“To be a great champion, you must believe you are the best. If you’re not, pretend that you are.”
‘If you’re not, pretend that you are,’ is the single most important thing to know about being happy. Happiness is an elusive concept. The word has so many definitions to so many different people. Ask a rich man to define happiness and then ask a beggar on the street. Two very different perspectives will emerge. A toddler finds happiness in chaos. The elderly find it in peace. I found happiness in a million pieces, like a scavenger hunt. With every piece of happiness I found, a path to the next level would be revealed. I found it in self love and fine wine. I found it in the freedom to be myself. I found happiness in stupid quotes and sunny days at the beach. I found it in good sex and a delicious meal. I found it by leaving expectations behind and stepping out into the world with an always shifting perspective. I found it by making the choice to see it.
I have battled depression all of my life. My mother has it. Her father has it. His father had it as well. I have experienced seasonal depression, situational depression, pre- and postpartum depression. I have fantasized about slitting my wrists and bleeding out in a warm bath. I know how it feels to lay in bed, with crushing pain and a strange sensation that my chest has been carved out. I know what it feels like, sinking into the familiar darkness that holds my life hostage for months at a time. I know how it feels to try and drown out the broken record in the back of my mind, constantly telling me that I will never be enough. Depression is no way to live. Unfortunately for me, for personal reasons I am not going to explain here, I have decided not to take antidepressants. I have never tried them and I never will. I don’t judge those who have, my decision is a personal one. I had an overwhelming need to heal my depression naturally, and I did.
I started telling people that I was ‘great’, when asked about how I was feeling. It was a lie to say that sometimes. In fact, most of the time, I wasn’t feeling very great at all. But in telling people that I was great, I sort of forced myself to rattle off some reasons why I should be, in the back of my mind. And that thought process started to expand and stick with me. It didn’t happen overnight. It was gradual, like the slowly growing womb of a mother to be, I finally gave birth to contentment. It started with a lie, but soon I found myself grasping at many tools that I used to cultivate content.
I started making mental notes of things I loved and I spent more time with them. I love the beach, so I went every weekend. I love the moon, so I made time to look for it every night. I started to try new experiences, like camping solo at a nudest campground or volunteering for a hospice program. I started to forgive myself for being the weird girl who likes to camp naked and then help people die.
Realizing that my life was my own, to design and live in my own way, has been a powerful source for my happiness. Realizing that I deserve it, that I no longer needed to hide it was huge. As an overly empathetic person, I often felt guilty about being happy in the company of unhappy people. Now I understand that our happiness serves as a beacon of hope to others. Because I’ve been so low, that I actually didn’t think happiness was real. I didn’t believe in it’s existence. When you are going through life in the darkest of times, it’s very reassuring to see someone who is not.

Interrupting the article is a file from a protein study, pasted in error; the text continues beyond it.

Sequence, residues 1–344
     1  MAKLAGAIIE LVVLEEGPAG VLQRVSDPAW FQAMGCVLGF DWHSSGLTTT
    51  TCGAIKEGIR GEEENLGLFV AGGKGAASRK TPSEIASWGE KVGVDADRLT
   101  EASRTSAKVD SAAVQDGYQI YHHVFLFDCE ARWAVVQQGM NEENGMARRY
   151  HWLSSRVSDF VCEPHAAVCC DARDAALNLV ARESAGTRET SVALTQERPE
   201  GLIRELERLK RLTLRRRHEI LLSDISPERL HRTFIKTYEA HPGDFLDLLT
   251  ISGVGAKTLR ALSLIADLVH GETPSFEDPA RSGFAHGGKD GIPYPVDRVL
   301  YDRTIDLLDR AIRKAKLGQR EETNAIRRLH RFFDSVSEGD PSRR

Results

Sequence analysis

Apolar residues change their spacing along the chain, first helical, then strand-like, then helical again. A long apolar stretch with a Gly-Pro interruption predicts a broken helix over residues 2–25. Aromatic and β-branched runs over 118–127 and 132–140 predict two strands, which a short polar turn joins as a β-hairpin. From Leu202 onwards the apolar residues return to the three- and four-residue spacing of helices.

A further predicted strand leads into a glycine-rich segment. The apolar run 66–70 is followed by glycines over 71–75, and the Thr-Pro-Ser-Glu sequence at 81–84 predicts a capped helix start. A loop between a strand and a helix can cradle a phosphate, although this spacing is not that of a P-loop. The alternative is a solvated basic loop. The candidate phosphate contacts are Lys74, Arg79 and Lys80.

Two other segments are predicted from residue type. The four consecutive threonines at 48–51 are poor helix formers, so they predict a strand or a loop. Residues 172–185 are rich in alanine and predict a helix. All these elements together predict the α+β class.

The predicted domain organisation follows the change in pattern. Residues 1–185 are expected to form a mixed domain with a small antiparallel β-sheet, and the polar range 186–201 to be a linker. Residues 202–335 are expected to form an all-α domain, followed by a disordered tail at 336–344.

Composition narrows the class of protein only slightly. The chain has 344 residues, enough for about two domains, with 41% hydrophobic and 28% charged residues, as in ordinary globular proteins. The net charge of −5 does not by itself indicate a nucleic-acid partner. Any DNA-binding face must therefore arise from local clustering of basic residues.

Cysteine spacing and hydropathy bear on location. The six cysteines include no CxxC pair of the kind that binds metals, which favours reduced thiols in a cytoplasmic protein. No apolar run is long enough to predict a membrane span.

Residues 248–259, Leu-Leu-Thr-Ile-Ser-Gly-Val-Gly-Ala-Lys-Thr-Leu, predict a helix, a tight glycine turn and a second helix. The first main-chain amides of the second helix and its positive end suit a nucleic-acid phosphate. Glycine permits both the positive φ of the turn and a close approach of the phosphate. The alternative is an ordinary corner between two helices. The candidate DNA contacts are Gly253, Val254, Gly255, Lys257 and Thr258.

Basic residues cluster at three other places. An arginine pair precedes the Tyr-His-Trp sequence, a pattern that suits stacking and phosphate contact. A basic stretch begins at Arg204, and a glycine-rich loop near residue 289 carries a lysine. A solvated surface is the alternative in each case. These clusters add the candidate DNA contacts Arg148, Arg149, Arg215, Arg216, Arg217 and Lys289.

I started treating myself like a Sims character, making sure I got enough rest, had enough fun, kept my well being levels in check. Self care is vital to our mental health.
When I go through some shit in life, I read through the google images of quotes from Hemingway and Oscar Wilde. I watch inspirational Ted Talks. I listen to spoken word poetry on YouTube. I analyze, learn, and write it out. I cry. Sometimes I get high and drink some wine. Sometimes I dance naked in my living room. These are my tools. These are little promises to myself that I can get through it, because I’ve gotten through it before.
Today, I am at peace with my life. I am content, and sometimes ecstatic. I still don’t love my job, but I am thankful to work with wonderful people and I am grateful for the money I earn there. I still don’t love my body, but I didn’t let it keep me from making mad love all over my house this weekend and feeling like the sexiest woman alive. I still have no money, but I focus more on the richness of my experiences instead of my empty bank account.
I still have bad days. I still have really bad days. But I get through them, because I know now that I can. And those bad days are becoming less, while my good days are becoming more. And that feels really good.
I fell in love with my life, mistakes and all. In fact, I learned to start making more enjoyable mistakes, because if you have to learn, you might as well have fun doing it. I fell in love with myself. I started to care for myself in the way that I care for others.
I found happiness in a million different places. It has been a process for sure. But if I should ever lose sight of it again, I will know where to look.